I also want to start interviewing more people living this lifestyle.

Is there anything in particular you’d like me to make a video on? Let me know in the comments below.


  1. Frank says:

    Well done and good to see you so happy. Sure the things that go wrong or are difficult that you overcome are also enjoyed, I wish you many happy days and cups of tea.

  2. Tasha Priddle says:

    Stupendous video chick! found myself getting emotional for you lol, what a lot of milestones you have met in a year! Love how REAL your blogs are, no filters necessary – you life is effin cool. Lotsa luv!

  3. sue de Bievre says:

    Love these videos!

  4. robbie Nagle says:

    Your adventures are great to read, honest and genuine. I live in Vietnam and come back to visit NZ for 20 days a year and appreciate all the things you talk about. Did alot of travelling around NZ when younger and hope to do it again one day.Take care and keep up the great blog !!

    • TravellingK says:

      Thank you! I do try to be honest. I’m sure Vietnam is an exciting place to live – I’ve visited briefly and loved how friendly everyone was.

  5. Miranda says:

    Good for you! I’m so impressed and now wondering if I can do it with my 2 1/2 year old, hmm….. Looking forward to more videos!

    • TravellingK says:

      Thank you! That’s great to hear. Ohh so you’re considering this as an option? I know there are a few mothers on the road through a Facebook Group I’m in – so sounds do-able!

  6. alan says:

    Karen, I read a really interesting post you had on your site about the types of people you see living full time in RV’s. I’ve searched all over your website and I cant find it. Can you direct me to it please, I found it very interesting. Thanks Alan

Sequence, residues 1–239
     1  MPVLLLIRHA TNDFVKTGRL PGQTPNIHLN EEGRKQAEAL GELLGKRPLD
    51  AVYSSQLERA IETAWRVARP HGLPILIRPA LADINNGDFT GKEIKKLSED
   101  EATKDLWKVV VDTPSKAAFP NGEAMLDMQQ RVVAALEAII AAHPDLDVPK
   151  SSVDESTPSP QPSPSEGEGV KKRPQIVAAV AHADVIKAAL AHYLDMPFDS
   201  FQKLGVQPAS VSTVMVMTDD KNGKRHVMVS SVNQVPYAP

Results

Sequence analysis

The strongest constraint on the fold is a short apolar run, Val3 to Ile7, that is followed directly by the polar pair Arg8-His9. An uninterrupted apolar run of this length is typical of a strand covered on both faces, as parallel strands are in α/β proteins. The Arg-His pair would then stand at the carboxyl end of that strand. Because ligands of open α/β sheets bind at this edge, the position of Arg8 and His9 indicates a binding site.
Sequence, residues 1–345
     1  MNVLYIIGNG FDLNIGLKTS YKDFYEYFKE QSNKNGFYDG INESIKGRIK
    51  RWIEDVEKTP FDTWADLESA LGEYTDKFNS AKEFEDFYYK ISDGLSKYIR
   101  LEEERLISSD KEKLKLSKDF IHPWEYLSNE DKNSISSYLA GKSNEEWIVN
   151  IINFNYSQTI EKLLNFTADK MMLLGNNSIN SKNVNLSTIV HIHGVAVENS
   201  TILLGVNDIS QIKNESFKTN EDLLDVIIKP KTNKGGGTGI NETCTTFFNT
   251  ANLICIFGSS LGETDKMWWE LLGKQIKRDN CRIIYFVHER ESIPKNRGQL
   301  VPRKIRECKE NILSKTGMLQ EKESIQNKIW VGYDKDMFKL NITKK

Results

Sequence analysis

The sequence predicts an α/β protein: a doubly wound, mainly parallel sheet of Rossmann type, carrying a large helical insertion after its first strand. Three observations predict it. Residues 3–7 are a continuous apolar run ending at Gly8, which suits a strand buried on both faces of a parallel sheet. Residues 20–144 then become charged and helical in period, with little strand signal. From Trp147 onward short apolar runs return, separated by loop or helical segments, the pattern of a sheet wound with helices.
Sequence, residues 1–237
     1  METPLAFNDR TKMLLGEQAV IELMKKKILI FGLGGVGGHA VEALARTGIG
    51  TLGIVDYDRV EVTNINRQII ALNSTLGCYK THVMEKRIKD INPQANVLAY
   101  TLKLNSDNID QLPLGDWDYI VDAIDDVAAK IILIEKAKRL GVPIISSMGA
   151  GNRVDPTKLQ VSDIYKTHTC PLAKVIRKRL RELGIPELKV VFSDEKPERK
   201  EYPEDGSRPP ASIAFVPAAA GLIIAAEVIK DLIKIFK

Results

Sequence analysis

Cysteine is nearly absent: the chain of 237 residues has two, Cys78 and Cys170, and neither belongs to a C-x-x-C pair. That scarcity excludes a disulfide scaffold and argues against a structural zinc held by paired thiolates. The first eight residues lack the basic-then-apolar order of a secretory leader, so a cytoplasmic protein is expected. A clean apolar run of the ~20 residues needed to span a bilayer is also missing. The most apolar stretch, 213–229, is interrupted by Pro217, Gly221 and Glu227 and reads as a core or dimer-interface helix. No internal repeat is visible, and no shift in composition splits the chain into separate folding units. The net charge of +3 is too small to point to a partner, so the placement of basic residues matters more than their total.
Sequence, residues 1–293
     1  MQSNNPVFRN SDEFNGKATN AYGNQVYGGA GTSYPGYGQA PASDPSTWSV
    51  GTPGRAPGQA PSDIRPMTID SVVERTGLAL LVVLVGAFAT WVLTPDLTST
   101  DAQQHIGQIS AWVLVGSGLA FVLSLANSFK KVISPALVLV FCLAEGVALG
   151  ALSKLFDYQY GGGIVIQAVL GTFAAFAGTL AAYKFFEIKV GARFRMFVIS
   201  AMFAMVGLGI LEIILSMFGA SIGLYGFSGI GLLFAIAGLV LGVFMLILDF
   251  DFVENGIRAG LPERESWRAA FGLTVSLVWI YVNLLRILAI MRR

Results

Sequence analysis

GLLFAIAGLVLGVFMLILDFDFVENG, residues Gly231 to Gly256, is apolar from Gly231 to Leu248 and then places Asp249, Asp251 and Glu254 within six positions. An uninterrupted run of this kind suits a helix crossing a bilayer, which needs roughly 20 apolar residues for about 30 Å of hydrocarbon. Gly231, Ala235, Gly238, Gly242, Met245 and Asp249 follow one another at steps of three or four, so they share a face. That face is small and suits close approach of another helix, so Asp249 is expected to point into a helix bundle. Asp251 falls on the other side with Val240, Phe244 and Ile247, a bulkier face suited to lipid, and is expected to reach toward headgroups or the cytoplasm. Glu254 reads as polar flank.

• TravellingK says:

      It was well hidden under New Zealand 😛
      Anything you would add to it now?

      • alan says:

        Thanks Karen, that’s the one. Yes I agree, but like you, I’m definitely NOT any of those. In fact I’ve not come across anyone like myself, except perhaps yourself in some ways. If I were to describe myself, I’d say:
        “university educated, debt free, all new 47ft rig from front to back, latest technology, fully self-contained, independent of external hookups for two weeks can go anywhere, stay almost anywhere. Prefer to stay on my own away from people, getting back to nature as an escape from people. No tattoos, no piercings, no long dirty hair, dresses well not extremely casual in appearance”. Let me know if you come across anyone in like this? haha

  7. alan says:

    Hi Karen, I’ve been spending a lot of my spare time in your website lately, it’s full of tremendously useful information. I was particularly interested in this article about “how do I afford this lifestyle” and watched your two videos on the subject. It’s very interesting comparing my situation with yours, for myself, this is the cheapest lifestyle imaginable. Looking at my year ahead and how I will be living, my costs are considerably less than yours. Particularly, because I don’t stay in paid campgrounds. The DOC and NZMCA grounds for $3 per day are excellent and one can save a lot of money using these and regional “self-contained” sites. Also, the other benefit is one does not have the “freedom camping” security concerns, that you mention frequently. Perhaps this maybe an option for you going forward. All you would need is more water capacity and a generator and you will be able to save a lot of money. If you look at what you are spending in private motorhome camp grounds, by staying in the NZMCA and DOC sites exclusively, the savings would pay for your generator in 120 days or less. Also, by folding down the back seats in your SUV you could put in 10, 10 litre plastic water containers, giving you an extra 100 litres of water. My background is in devising efficient processes and systems and I save a lot of money by living my life this way. If you want some help or suggestions for lowering your costs let me know.